A: If a practice currently receives borrowing costs, it has the right at any time to transfer to notional rent but, once transferred, it cannot return to borrowing costs.
The problem is that notional rents rise and fall with the market at each tri-annual review, whereas fixed rate borrowing costs will not vary. GPs are therefore often faced with the conundrum of should they transfer to notional rent and risk a future fall.
You are correct that there was a broad rule of thumb whereby people used to say that, if you were going to get an increase of 10 per cent by changing to notional rent, taking the risk was worth it.
Historically, rents on good quality, purpose-built medical centres have continued to increase and one of the larger investors/landlords in primary care published reports at the end of March 2010 noting annual increases in rents across its portfolio had averaged 2.4 per cent.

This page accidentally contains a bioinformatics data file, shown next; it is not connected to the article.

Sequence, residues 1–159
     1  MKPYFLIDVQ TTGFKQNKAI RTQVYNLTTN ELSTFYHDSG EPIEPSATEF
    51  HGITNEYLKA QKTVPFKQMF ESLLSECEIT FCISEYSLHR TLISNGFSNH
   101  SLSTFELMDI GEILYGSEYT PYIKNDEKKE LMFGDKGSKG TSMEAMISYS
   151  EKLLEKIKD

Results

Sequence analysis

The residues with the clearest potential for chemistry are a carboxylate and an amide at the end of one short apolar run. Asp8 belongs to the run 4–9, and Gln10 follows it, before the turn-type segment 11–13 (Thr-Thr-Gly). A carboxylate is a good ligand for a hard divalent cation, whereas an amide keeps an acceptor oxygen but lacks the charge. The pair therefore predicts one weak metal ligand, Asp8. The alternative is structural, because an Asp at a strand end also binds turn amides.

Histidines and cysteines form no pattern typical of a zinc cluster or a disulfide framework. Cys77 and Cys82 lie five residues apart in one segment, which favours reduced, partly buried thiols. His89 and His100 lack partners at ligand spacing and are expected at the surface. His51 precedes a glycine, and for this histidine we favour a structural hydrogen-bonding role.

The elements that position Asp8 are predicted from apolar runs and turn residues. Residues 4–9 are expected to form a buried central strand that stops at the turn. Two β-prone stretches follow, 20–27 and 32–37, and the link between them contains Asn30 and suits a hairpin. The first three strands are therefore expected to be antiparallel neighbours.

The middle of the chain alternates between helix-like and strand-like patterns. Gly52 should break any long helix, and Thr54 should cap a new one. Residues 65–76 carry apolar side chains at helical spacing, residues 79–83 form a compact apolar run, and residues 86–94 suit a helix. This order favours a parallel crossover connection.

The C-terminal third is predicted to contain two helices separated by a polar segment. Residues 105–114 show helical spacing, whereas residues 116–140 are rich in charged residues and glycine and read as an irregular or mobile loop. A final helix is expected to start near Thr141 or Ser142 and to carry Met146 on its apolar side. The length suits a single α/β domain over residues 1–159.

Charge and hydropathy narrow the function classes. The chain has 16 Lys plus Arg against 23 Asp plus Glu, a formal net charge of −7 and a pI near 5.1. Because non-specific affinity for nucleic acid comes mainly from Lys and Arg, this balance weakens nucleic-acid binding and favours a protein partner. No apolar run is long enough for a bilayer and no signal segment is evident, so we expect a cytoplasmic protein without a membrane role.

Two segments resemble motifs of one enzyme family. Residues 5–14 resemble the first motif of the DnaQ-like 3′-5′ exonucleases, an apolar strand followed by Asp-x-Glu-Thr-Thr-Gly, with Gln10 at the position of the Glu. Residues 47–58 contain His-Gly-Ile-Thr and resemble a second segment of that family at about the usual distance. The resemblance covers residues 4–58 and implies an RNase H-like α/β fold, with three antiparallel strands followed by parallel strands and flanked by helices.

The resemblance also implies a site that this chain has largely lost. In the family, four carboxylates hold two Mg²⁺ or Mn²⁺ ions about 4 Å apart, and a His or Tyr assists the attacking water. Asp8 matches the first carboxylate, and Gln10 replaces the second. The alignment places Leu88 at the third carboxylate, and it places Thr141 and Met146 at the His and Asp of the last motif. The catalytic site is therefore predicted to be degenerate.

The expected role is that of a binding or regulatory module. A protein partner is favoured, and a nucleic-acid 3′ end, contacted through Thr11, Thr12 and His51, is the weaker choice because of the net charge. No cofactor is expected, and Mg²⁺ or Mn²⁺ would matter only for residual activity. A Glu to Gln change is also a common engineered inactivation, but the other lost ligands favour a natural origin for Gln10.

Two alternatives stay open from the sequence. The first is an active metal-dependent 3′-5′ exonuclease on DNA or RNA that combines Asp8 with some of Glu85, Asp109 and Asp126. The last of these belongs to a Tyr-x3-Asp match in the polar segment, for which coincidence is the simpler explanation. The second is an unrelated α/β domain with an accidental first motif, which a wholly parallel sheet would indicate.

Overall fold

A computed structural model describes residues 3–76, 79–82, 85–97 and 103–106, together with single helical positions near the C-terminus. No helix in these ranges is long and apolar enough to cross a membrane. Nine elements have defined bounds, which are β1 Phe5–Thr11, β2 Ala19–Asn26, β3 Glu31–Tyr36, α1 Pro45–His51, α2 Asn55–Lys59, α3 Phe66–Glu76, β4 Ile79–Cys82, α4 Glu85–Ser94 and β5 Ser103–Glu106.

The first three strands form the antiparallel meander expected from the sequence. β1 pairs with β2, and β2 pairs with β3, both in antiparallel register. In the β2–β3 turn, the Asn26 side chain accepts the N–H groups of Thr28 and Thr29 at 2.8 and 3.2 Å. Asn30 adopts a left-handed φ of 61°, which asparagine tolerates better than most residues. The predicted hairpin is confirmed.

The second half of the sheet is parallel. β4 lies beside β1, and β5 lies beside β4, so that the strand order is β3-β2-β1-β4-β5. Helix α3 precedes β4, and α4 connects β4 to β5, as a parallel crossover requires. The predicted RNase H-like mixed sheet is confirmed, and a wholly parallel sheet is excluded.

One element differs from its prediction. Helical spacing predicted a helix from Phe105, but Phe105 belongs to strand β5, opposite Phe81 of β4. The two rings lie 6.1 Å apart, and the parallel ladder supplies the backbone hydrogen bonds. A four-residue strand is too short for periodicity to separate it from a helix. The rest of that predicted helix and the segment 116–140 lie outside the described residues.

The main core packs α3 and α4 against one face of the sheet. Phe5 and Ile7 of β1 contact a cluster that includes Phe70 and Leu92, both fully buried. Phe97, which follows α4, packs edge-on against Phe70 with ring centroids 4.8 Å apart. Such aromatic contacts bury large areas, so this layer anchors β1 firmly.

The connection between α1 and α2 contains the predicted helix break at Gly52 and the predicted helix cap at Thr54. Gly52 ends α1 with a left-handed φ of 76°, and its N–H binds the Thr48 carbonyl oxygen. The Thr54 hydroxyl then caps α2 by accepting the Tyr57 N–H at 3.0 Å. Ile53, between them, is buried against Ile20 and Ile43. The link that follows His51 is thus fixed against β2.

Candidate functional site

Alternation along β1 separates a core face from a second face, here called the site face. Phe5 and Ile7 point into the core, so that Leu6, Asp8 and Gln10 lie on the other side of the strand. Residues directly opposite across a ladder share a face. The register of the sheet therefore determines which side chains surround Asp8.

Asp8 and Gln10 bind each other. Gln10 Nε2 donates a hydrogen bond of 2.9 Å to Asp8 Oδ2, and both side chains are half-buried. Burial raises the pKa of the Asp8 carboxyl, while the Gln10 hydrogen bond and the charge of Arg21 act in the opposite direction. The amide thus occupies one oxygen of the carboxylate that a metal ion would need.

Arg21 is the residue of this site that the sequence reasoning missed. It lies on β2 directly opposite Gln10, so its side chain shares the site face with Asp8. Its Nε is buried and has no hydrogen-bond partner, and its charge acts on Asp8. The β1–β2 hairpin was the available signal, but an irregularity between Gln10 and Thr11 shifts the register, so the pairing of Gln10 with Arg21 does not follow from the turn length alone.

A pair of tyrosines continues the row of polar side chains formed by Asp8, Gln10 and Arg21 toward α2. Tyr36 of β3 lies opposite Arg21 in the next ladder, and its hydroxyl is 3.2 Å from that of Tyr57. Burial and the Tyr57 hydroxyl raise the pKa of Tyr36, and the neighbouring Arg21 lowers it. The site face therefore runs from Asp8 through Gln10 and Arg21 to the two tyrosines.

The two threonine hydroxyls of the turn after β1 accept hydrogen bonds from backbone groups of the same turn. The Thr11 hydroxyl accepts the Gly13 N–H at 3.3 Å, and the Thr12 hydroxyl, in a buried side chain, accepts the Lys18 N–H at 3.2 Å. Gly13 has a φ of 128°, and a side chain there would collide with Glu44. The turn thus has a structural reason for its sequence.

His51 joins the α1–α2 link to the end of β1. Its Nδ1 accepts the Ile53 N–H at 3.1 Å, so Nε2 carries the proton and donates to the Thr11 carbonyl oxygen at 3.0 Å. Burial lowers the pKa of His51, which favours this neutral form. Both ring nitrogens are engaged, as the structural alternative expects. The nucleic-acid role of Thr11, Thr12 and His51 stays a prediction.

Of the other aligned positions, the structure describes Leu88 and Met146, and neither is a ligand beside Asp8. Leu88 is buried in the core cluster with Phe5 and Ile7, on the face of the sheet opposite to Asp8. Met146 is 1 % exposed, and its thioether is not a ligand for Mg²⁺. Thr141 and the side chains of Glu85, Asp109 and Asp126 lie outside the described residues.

Whether this trend will continue is of course unknown but, even with the current cutbacks, good quality medical centres are vital for the increased services which GPs are expected to run. So while the increase may slow, I cannot see it stopping or going backwards.
Conversely, if your premises are older or converted and fall short of the NHS requirements in the Premises Costs Directions, the picture may be different. As properties become less compliant, it is reasonable to expect rentals to stop growing and, potentially, fall.
I would be more led by the style and quality of your premises than the old 10 per cent rough guide figure.